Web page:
The police moved in and four of us refused to leave, which was apparently enough to charge us with a crime. But as we learned last week, it wasn't enough for us to be convicted.
* * *
Last Monday, we walked free from court. For two of us, the case collapsed because the judge agreed we couldn’t have left without taking the desk to which we’d superglued ourselves. The other two members of the group told the court that being asked to leave did not amount to a police direction. The judge reluctantly agreed. He scolded the police and ruled that since we were not told but asked, there was no crime in refusing.
We had occupied the bank to draw attention to Barclays’ links with Elbit and to put pressure on the bank itself, its customers and staff to break the link. Elbit is Israel's largest military company, a leading drone provider and a major supplier to the IDF. Barclays holds nearly $3 million of Elbit shares.
At the time of Israel’s onslaught on Gaza in the summer, Elbit’s drones and other military equipment were used extensively. The result was devastation, tens of thousands injured, traumatised, internally displaced, made homeless, and with livelihoods destroyed. More than 2,000 people lost their lives. Nearly 500 children were among them.
Even the normally cautious officials from the UN and other international organisations spoke of war crimes carried out by Israel.
Can those that fund the companies which make and sell the weapons used to carry out the crimes disclaim responsibility for what will happen further down the line? We think they can’t, and we believe that Barclays’ customers would think they can’t. We know that Gazan students think they can’t: in October, they put out a call for fellow students around the world to take their money out of Barclays until it stops bankrolling Israel’s war crimes.
Apparently, Barclays (officially) agrees that funding war crimes is an act with moral repercussions. It even has a policy which says that it will only very carefully invest in the 'defence' industry, and only when it can be sure that what it funds will not be used by foreign authorities 'either to oppress their own populations or to support unjustified external aggression'. With Elbit we can be quite sure that Barclays can’t be sure of this.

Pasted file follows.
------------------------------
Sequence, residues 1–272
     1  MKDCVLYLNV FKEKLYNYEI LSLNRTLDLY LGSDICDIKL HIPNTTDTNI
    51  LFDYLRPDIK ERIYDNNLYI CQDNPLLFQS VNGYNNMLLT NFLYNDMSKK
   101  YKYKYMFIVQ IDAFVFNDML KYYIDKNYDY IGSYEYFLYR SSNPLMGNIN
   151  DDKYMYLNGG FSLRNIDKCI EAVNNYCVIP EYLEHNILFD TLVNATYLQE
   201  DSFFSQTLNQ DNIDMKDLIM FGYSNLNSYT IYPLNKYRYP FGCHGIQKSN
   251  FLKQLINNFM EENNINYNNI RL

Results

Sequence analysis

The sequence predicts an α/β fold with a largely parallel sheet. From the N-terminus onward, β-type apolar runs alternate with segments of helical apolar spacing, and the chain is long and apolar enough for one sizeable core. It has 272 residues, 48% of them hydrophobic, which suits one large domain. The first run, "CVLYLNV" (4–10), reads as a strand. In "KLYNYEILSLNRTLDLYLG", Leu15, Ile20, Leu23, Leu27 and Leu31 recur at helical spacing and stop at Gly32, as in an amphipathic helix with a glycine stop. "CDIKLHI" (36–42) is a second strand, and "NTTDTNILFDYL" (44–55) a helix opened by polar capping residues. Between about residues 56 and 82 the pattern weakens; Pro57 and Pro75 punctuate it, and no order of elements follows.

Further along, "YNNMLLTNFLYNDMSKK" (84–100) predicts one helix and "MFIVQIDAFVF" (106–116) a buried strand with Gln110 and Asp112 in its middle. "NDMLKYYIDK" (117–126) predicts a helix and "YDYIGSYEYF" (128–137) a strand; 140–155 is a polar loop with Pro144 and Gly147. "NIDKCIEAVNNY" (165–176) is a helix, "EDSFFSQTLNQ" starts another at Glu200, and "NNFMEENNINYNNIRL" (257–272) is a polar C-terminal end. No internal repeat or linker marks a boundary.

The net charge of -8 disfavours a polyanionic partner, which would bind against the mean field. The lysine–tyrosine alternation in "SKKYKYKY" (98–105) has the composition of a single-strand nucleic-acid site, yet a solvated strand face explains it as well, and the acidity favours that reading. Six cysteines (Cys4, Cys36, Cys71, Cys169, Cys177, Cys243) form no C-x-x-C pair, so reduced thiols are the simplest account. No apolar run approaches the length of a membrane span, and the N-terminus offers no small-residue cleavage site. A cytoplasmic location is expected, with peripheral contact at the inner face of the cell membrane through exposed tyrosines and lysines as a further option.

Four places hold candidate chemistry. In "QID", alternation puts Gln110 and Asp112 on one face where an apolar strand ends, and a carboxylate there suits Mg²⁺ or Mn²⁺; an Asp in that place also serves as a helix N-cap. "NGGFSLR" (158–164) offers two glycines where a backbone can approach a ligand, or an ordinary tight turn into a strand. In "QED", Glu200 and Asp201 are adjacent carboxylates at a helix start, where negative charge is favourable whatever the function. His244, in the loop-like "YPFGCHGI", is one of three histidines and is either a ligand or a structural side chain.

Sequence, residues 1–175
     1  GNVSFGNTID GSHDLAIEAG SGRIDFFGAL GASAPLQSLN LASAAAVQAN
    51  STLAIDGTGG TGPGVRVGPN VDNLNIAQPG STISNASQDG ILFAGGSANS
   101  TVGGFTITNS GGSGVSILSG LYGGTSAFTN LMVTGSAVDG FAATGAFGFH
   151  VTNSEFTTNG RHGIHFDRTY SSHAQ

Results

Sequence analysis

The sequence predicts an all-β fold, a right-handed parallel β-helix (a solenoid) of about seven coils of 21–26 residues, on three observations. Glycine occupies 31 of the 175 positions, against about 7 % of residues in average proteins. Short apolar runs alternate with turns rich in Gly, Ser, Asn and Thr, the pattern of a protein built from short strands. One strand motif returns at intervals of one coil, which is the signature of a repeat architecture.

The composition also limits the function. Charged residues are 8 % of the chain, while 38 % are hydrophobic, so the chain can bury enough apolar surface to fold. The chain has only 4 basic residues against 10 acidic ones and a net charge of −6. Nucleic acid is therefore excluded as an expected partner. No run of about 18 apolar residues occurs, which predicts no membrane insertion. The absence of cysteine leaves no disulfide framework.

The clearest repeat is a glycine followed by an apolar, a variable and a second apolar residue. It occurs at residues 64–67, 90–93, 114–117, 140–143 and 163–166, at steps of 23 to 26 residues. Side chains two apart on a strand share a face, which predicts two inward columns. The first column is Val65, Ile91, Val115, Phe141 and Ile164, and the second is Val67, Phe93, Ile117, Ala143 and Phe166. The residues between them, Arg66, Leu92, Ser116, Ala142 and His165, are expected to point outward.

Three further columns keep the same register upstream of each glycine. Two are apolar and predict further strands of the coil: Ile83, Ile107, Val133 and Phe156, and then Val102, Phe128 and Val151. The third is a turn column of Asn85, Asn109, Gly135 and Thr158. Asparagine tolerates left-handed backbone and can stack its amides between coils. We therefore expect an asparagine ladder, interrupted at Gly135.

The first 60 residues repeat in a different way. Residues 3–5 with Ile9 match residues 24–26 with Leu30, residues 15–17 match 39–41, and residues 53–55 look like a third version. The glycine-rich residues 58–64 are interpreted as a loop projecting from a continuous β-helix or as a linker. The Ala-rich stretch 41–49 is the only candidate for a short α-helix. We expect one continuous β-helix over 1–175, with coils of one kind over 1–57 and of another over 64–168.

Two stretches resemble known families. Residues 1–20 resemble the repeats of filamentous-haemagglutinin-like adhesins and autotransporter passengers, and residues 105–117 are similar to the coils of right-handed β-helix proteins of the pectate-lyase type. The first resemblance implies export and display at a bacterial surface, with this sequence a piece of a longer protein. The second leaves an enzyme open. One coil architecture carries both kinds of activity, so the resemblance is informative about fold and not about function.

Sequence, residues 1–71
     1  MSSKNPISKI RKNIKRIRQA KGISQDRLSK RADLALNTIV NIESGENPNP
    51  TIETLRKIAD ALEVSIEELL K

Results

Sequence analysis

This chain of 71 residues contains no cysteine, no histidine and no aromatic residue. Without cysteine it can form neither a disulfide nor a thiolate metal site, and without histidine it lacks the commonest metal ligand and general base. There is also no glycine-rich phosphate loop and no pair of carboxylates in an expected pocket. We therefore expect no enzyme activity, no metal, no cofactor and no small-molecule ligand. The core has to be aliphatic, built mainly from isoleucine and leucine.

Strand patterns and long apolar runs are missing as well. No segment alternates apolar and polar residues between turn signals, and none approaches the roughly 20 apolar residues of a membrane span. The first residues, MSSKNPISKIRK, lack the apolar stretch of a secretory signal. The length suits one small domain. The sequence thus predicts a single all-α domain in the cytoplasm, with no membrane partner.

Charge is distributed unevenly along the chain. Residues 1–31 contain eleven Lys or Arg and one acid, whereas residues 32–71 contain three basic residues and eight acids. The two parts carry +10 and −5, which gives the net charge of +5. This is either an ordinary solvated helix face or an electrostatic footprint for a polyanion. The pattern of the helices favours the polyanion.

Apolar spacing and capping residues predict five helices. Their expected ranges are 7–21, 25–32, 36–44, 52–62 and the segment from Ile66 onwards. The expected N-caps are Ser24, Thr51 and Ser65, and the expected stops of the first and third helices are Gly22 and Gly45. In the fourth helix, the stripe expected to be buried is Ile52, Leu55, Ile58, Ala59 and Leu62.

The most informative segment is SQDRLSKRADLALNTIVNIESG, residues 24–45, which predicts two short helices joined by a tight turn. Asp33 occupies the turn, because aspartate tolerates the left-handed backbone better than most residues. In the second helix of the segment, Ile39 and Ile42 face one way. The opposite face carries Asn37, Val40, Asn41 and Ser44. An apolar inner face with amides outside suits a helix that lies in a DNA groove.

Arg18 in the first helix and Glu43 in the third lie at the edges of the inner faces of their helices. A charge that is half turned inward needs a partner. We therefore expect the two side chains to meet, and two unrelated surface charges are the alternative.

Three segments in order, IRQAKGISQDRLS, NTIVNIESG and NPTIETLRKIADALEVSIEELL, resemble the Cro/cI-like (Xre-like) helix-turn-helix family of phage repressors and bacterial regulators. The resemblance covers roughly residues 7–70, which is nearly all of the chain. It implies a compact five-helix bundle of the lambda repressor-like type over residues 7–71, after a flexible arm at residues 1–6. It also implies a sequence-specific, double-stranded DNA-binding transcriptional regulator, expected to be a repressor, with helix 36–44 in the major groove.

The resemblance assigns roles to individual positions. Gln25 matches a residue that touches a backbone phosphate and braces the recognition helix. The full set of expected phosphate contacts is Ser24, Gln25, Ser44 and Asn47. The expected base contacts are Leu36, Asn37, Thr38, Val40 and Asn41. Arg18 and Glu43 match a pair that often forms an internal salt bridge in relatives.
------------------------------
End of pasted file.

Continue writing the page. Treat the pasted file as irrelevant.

But Barclays has a get-out clause. It claims to hold some shares in Elbit on behalf of customers and some to hedge exposure. So it buys the shares with one hand, as requested by its customers, and with the other, waves about the policy which says it cannot buy the shares.
So it's OK, apparently, and fully in accordance with the policy, to pass on money in your own name and invest it in equipment which will then be 'used by foreign authorities' both to 'oppress their own populations' and to 'support unjustified external aggression'.
It’s OK, apparently, for Barclays Bank to make a profit from the act of sending money (on behalf of customers) to Elbit Systems, even if it knows that Elbit uses it to make more weapons to be sold on to the IDF, and the IDF deploys the weapons for its war crimes (and then buys more).
It’s OK, apparently, to do so even if those terrorised - the victims of the war crimes – have requested that you don’t.
Of course, Barclays has a history. Built up from profits from the slave trade, the bank was famous for continuing to support the apartheid regime in South Africa long after other companies had divested. And it was only after 16 years of publicising, lobbying, protesting, occupying, and disrupting ‘normal business’ that Barclays was persuaded to withdraw support for a regime that had been condemned across the globe for international crimes.
We hope it will not take 16 years for Barclays to remove support for Israel’s crimes against the Palestinians. But we intend to follow the example of the activists of 40 years ago until it does.
https://stopthewall.org/divest-elbit for more information
 S. 69 CJPOA